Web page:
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Two outcomes are particularly important to measure over time—quantitative measures of the number and percentage of worker leaders by workplace and organization and qualitative measures of how worker leaders feel about their leadership experience. First, given the decisive role of worker leadership, we must measure more than union density—we must also measure and track another form of density, worker leadership density, or the percentage of workers in a given workplace or organization who are active leaders. Already used in a few organizations, leadership density gives us a deeper understanding of our organizations' capacity to grow their bases and wage strategic campaigns over time. Increasing leadership density is a critical ingredient of a movement capable of increasing union density. Second, organizations should assess leadership dignity—a set of possible measures that assesses workers' experience of being developed. Possible qualitative measures include worker leaders' feelings of confidence, ownership, support, and having a say in the decisions of their organization. Ongoing solicitation and incorporation of worker leader feedback into the organization plays a critical role in developing worker leadership. As leadership density and dignity are measured, our organizations must also assess critical stages in the leadership development process to improve such outcomes. The project of building a more powerful movement—in part by increasing the density of, and dignity felt by, worker leadership—requires systematic effort to evaluate and refine leadership-development organizing in our worker organizations. The first “ask” of inviting a worker to join an organizing committee must always be followed by a second “ask”: have we built the committee? Answering this question requires that we regularly ask both the builders and the committee. Only then are we able to take informed action to advance our leadership-development organizing.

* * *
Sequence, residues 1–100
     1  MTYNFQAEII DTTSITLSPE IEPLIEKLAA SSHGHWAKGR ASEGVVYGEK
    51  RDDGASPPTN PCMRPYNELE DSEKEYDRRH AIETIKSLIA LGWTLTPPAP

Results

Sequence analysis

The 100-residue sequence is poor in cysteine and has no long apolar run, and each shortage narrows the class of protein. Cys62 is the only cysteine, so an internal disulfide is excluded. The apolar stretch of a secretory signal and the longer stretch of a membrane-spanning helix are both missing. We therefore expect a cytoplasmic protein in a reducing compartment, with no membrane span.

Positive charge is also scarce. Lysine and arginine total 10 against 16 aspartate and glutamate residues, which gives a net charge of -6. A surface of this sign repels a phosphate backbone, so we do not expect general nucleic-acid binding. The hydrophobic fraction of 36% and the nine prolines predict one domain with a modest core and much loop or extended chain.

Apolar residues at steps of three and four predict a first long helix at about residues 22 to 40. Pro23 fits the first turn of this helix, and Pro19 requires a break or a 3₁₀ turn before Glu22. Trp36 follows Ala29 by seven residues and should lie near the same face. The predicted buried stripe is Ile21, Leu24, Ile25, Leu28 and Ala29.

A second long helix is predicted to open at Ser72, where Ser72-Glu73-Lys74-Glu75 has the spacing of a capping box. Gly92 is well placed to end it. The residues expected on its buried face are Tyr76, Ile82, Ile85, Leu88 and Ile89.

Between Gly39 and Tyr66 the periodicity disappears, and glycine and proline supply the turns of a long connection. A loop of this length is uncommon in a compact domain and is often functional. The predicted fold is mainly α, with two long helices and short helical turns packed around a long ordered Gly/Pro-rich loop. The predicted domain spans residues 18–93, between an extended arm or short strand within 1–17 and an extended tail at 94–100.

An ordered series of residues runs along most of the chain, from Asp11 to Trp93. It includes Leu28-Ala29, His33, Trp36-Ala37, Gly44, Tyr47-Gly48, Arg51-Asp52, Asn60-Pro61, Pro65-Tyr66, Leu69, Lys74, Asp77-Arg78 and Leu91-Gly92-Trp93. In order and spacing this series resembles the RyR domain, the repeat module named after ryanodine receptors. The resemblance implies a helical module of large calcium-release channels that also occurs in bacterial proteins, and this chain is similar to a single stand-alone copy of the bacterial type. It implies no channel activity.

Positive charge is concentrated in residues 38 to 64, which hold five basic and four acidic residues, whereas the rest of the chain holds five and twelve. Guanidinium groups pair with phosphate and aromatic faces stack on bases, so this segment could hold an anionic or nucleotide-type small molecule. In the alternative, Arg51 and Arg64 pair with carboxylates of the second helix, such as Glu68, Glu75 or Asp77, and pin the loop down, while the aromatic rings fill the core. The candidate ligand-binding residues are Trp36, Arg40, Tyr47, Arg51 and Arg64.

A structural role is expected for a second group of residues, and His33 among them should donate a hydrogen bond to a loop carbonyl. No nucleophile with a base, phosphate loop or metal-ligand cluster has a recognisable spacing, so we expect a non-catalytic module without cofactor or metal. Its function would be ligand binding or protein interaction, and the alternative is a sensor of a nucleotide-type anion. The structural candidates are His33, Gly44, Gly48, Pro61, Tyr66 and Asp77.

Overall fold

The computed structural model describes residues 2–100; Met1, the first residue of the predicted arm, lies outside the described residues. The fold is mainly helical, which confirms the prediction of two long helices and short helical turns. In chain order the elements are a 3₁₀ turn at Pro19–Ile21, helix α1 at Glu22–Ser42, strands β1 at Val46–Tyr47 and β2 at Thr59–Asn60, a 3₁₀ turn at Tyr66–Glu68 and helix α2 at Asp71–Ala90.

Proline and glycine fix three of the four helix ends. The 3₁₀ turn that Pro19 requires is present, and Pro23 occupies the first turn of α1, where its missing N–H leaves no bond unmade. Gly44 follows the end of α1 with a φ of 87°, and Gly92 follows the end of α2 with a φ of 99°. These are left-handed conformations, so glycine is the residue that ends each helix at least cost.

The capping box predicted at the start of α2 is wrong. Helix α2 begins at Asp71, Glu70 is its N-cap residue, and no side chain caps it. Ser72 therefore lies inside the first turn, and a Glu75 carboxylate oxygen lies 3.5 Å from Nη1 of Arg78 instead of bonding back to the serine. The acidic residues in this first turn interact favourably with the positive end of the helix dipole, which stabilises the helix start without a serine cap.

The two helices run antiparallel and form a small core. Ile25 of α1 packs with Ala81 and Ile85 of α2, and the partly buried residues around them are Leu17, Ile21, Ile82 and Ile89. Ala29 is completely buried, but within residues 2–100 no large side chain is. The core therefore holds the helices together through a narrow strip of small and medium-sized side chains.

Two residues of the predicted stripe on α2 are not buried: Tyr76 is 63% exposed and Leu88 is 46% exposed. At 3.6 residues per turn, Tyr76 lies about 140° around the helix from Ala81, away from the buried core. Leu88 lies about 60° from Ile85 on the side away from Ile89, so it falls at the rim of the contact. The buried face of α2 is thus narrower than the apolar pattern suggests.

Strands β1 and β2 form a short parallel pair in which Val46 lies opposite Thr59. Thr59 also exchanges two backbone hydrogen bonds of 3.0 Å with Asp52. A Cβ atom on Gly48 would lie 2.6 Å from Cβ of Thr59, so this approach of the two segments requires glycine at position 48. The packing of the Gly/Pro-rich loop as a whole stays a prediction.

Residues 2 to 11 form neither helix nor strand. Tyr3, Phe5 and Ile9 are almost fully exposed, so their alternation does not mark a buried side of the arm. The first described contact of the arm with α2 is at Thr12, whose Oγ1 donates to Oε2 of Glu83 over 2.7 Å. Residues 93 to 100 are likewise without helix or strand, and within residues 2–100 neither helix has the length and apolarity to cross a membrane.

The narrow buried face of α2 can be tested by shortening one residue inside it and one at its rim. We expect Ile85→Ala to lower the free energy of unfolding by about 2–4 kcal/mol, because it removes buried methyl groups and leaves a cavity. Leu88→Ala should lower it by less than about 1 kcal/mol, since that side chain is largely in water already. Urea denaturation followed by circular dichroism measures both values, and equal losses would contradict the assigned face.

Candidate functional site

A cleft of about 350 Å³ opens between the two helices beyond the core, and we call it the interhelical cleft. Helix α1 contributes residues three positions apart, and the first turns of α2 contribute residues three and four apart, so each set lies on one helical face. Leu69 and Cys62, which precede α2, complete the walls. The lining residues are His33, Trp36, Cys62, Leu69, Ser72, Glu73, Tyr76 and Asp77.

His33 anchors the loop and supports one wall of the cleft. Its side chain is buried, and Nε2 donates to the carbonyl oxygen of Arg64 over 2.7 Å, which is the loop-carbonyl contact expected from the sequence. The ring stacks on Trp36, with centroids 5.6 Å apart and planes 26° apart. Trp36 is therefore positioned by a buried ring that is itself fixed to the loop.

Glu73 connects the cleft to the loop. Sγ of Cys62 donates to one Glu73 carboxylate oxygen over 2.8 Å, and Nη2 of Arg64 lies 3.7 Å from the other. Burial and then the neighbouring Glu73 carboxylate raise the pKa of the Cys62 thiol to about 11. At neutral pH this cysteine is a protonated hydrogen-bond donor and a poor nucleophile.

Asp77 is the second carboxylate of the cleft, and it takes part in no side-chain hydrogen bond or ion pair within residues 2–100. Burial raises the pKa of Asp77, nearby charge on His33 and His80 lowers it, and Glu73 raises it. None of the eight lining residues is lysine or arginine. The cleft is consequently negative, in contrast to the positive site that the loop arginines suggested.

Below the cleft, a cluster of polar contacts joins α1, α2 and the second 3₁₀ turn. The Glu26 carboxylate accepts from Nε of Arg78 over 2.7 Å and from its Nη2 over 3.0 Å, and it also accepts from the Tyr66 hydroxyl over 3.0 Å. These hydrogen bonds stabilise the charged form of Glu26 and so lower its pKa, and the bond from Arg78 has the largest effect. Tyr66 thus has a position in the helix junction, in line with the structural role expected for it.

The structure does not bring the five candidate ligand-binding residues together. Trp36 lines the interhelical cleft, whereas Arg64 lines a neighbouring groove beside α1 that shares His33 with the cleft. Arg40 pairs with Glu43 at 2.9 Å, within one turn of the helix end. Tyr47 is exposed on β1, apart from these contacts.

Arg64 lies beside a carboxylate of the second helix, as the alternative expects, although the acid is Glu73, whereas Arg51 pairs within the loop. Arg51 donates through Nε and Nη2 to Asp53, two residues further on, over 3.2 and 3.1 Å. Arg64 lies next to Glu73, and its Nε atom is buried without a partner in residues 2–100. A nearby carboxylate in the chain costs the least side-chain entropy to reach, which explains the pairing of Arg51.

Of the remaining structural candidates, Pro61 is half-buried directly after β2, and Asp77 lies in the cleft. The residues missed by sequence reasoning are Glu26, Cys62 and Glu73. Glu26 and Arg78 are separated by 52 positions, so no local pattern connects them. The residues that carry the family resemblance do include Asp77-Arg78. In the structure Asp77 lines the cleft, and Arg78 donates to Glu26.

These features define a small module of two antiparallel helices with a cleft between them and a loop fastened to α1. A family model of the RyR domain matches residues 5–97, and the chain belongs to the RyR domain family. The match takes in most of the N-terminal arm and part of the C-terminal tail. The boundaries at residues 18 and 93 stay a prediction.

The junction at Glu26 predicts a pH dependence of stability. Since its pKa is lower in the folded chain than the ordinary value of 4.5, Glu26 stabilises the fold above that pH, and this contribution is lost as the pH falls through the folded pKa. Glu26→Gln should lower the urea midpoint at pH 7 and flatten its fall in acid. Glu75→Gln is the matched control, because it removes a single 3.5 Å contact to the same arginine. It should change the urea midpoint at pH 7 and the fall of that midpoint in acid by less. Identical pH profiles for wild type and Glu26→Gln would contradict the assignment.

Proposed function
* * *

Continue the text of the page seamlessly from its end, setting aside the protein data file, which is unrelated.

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Seth Newton Patel is lead negotiator for AFSCME Local 3299, the union of University of California patient care and service workers. He has worked as an organizer for AFSCME, SEIU, and HERE locals in California for the past decade. Seth has also served as research coordinator for the Kalmanovitz Initiative for Labor and the Working Poor at Georgetown University. Address correspondence to Seth Newton Patel. Email: